Southern Baptist Convention Expels Church Over Pastor’s Blackface Incident

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In an unprecedented decision, the Southern Baptist Convention stripped a rural Oklahoma church of its membership privileges this Tuesday. The resolution followed a disconcerting incident in which pictorial and video evidence revealed an unsettling performance by its pastor at a talent show. The Pastor was seen undertaking a heedless representation of the late, revered Black musician Ray Charles, clad in blackface.

The Southern Baptist Convention, which ranks as the country’s largest Protestant denomination, proceeded to ratify the lower committee’s recommendation regarding the Matoaka Baptist Church of Ochelata, Oklahoma. The church was deemed as no longer maintaining a ‘friendly cooperation’ with the convention, subsequent to its refusal to cooperate towards addressing concerns pertaining to discriminatory behavior encompassing ethnicity, as per an official spokesperson.

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Three years ago, Pastor Sherman Jaquess posted a video on his social network platform: he was the central figure impersonating the legendary Ray Charles during a talent show, his visage and hands veiled in dark makeup and he was donned in a wig.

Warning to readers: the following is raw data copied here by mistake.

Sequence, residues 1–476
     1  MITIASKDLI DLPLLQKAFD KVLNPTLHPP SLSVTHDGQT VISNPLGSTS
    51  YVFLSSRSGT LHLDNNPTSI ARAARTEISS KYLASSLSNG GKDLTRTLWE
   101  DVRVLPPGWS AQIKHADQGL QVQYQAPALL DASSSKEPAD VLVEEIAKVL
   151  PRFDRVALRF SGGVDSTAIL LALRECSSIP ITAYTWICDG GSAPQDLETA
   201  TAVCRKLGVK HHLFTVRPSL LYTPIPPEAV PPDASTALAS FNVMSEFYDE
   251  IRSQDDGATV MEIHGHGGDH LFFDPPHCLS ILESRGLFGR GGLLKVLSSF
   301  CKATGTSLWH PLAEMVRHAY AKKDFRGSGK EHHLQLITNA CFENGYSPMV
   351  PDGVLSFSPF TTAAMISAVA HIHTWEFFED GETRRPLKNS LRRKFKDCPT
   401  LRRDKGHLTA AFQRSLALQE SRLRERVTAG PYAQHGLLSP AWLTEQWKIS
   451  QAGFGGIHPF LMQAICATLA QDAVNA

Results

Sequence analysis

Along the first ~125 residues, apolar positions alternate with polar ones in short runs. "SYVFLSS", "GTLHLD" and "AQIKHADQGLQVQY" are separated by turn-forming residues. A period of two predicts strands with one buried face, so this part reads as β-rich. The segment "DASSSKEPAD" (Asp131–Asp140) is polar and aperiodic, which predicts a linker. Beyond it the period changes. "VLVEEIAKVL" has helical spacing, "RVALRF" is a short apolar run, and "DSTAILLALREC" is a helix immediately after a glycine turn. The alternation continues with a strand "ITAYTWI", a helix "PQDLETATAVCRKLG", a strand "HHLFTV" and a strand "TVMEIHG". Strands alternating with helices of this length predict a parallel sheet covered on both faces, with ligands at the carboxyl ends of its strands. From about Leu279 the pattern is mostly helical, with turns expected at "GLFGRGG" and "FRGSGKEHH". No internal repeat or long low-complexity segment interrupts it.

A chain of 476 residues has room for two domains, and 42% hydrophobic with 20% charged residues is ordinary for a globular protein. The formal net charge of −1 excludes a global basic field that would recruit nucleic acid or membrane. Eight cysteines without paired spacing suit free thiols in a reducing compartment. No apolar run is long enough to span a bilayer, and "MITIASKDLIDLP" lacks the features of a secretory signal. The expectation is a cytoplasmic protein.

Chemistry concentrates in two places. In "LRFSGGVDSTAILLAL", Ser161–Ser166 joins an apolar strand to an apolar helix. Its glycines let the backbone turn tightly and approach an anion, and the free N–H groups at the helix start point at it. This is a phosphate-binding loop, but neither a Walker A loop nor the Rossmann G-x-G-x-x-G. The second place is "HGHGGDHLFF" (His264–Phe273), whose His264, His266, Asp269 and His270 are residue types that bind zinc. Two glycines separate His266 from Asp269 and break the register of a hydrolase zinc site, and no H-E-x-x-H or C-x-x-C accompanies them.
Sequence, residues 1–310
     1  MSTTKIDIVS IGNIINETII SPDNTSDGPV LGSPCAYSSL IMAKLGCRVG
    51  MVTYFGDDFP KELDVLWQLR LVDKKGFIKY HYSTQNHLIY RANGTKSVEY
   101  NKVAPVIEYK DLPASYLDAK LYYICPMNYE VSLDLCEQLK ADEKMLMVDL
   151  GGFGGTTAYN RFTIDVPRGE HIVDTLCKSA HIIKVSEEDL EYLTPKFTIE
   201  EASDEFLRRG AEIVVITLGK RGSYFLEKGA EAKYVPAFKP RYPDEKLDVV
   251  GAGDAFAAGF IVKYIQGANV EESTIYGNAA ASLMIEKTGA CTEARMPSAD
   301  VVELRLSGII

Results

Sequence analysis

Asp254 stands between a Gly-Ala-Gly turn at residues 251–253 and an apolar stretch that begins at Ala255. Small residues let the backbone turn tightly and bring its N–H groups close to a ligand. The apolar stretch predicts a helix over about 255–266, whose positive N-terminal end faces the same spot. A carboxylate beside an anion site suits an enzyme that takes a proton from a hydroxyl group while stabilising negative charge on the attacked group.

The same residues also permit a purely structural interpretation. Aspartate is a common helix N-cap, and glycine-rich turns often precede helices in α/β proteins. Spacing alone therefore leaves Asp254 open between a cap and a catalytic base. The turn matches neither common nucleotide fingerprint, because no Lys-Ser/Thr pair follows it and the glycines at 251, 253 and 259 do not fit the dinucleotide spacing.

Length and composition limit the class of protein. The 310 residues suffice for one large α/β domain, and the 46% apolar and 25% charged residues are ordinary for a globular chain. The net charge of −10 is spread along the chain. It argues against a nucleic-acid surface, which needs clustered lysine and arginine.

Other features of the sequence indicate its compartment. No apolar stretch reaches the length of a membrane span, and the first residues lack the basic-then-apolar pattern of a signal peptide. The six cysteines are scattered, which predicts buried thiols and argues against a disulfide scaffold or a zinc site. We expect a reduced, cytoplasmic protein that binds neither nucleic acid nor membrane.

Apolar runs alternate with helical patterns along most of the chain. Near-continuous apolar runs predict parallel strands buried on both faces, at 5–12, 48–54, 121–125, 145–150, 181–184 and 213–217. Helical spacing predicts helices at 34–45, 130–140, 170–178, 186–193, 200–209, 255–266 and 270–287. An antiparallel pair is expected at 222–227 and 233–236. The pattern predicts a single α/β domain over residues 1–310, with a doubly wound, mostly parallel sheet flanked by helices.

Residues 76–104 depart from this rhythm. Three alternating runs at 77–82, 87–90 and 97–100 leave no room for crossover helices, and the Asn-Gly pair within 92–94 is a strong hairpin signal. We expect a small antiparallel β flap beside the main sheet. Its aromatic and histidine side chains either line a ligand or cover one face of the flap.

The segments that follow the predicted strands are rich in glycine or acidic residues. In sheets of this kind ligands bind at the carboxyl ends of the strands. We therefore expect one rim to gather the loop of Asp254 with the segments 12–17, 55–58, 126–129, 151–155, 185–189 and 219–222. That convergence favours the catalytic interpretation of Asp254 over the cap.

Blackface, a distasteful historical practice exceeding two centuries in age, engaged White performers in parodying Black individuals through the application of polish and cork to darken their skin, donning ragged costumes, and exaggerating their features. This practice is now globally perceived as a racist and offensive gesture.

The aforementioned incident was brought to public attention in the month of April by Marq Lewis, a local activist. Lewis shared several images captured during the talent spectacle that were initially posted on the Matoaka Baptist’s social media page back in 2017.

In the wake of this incident, the church stands stripped of its privileges to assign voting delegates to the Southern Baptist Convention and forward donations via the organization’s cooperative program.

While Pastor Jaquess refrained from commenting on his controversial performance or the subsequent convention decision, he did express his perspective in conversation with The Baptist Press – a well-known Southern Baptists news platform. The pastor refuted claims of his act being ‘derogatory’ or constituting any form of racism, stating, “My whole life’s work, I’ve worked with multiple different types of racial people. I don’t have a racial bone in my body.”

Jaquess contended that the color of his face was more brown than black, attributing the stark darkness of his skin to the flash on the camera. He concluded his statement voicing his contempt for any defaming act, yet claiming his innocence regarding his impersonation of Charles.

Activist Lewis, who triggered the debate, welcomed the Southern Baptist Convention’s decision. He applauded their action through a social media post expressing gratitude to the supporters who kept the pressure intact on the concerned case.

While the final decision has been ruled, the Matoaka Baptist Church holds the right to appeal the expulsion verdict. This decision coincides with the convention’s annual meeting in June, where delegates voted against appeals made by three expelled churches, including the southern California congregation of Saddleback Church.